Wow, despite the early rain - what a great day. We had all congregated the previous night for our Launch Party soirée in the beautiful spa at Lakes by YOO. All fully dressed, I must add, no skinny-dipping. Organisers, sponsors and guests mingled with practiced ease, sipping wine and holding off getting too full on canapés until Joanne’s famous delicious honey coated sausages came around.
Saturday morning dawned to an uncharacteristic (of late) grey sky and drizzling rain. The flowers arrived and the lovely ladies who had volunteered to run the café for the day put the kettle on.
I haven’t seen Sandra Howard very much but it is fair to say that I’ve never seen her without a smile, and fittingly, on a grey morning, her winning smile and charm warmed up our audience as she opened the show for us. Covering off modelling in the 60’s (most of us could remember them), Norman Parkinson, cocaine trafficking and dinner with the Kennedys the night before the Cuban Missile Crisis we couldn’t have hoped for a more varied and interesting opener.
A short break for tea and cake (that rhymes – maybe I’ll become a poet and speak next year) Virginia McKenna, interviewed by Tim, was expansive on her acting career and particularly on the subject of her lifelong passion of wildlife conservation and the Born Free Foundation. It would also seem that filming with lions can be dangerous. Who’d have thought it ?
After lunch a sell-out crowd squeezed into the Hall to hear Kate Adie be fascinatingly expansive on her life in journalism, the future of it (- journalism,that is) particularly given today’s 24 hour news environment, and about people who do real dangerous jobs for a living. War reporting doesn’t count as really dangerous, it seems. You can always hide behind a bigger wall further back, she admitted. An excellent talk that lasted over an hour and always enthralling.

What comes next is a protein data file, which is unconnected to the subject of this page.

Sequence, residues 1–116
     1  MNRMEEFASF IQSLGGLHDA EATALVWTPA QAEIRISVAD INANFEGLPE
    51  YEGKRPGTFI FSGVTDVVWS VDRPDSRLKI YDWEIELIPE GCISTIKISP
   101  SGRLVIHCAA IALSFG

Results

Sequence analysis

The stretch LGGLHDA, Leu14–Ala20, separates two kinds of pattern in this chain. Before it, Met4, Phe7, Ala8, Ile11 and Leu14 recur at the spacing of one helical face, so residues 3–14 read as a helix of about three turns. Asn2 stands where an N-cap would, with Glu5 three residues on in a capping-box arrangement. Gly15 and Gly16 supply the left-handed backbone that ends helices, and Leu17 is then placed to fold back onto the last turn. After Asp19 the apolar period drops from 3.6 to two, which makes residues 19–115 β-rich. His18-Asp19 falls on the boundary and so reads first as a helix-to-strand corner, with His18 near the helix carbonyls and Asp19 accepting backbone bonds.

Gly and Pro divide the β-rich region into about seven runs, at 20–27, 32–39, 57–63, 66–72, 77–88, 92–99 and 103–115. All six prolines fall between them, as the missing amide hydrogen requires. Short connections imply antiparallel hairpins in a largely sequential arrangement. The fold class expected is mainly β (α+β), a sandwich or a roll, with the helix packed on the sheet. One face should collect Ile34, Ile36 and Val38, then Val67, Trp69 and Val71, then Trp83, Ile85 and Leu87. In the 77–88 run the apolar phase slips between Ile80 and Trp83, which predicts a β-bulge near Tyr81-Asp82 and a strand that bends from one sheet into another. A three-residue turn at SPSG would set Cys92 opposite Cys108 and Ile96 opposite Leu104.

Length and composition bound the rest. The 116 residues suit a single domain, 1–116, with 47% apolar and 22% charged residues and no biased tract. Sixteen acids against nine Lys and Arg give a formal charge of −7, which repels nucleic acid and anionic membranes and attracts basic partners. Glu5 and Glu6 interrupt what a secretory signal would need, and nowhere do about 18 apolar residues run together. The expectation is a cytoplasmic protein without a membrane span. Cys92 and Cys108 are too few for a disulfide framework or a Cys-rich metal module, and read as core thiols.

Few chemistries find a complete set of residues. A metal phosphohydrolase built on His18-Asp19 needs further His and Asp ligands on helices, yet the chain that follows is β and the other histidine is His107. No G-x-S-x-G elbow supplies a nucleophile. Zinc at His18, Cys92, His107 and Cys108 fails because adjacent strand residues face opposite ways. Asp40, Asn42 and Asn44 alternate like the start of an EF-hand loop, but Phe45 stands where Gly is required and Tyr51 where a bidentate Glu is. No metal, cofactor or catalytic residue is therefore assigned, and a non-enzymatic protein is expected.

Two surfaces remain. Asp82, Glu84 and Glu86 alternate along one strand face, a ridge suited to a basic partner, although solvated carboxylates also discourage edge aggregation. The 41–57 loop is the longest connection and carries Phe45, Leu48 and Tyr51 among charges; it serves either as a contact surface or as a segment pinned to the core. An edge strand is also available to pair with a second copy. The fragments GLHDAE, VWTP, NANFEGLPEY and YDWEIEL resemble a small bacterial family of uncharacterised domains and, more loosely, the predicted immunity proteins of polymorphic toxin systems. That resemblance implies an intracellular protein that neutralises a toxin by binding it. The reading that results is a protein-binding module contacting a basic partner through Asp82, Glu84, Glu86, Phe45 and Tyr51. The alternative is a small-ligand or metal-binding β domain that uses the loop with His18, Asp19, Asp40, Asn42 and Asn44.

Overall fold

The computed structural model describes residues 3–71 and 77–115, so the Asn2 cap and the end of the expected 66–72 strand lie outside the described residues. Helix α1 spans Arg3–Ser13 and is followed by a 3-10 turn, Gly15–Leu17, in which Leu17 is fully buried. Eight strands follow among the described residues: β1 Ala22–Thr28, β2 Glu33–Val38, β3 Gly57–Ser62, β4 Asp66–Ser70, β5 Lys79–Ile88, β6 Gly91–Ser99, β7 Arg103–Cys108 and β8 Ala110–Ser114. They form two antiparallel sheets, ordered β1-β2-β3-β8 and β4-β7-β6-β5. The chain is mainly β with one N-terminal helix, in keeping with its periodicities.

The appearance of Frank Field was a great end to a marvellous day.
He’d spent the morning working in his constituency of Birkenhead and then caught two trains to arrive in Swindon by 4.00 pm to come and speak to us. Dedication to the cause and much appreciated indeed.
Funny, illuminating, controversial sometimes, perhaps, and mentioned a couple of Pauline conversions in his politics.
I like Frank Field for his candour and his courage to say what he thinks, but I’ve never heard of this “Pauline”. Whoever she is she’s clearly influential.
Packed away and doors closed we sauntered along to The George, happy for some libation and the ”Ceremony of Fortification by Ale and Wine” – and some cool jazz from Kingslake, Keegan and Gower. A good time was had by all.
If you missed the Festival this time around, never mind, we’re back on the 15th September for another full day event. Before that, we have Baroness Julia Neuberger visiting us for a one-off on the 12th July. More on that later.
The Plug Hole:
Literary Festivals wouldn’t be what they are without book signings and book sellers. It’s “simples” to buy from Amazon, but Amazon don’t attend Literary Festivals. We’re grateful to all our sponsors for helping us make this Festival a success but in this particular Plug Hole we’d like to trumpet the Madhatter Bookshop in Burford. An independent bookseller who is filling this vital Literary Festival role of supplying books and thus, signing opportunities. Please support Madhatter Books, they’re independent, and when all the independents are gone – what will we have left?
….and finally, in this shameless part of the Plug Hole, if your drought-ridden summer seems empty without water and regular Literary Festival updates you could always follow the Single Malt Monkey where you’ll find poetry, book reviews ( my “Caravaggio” is doing well ), music, social comment and occasional humour. Hope to see you over there.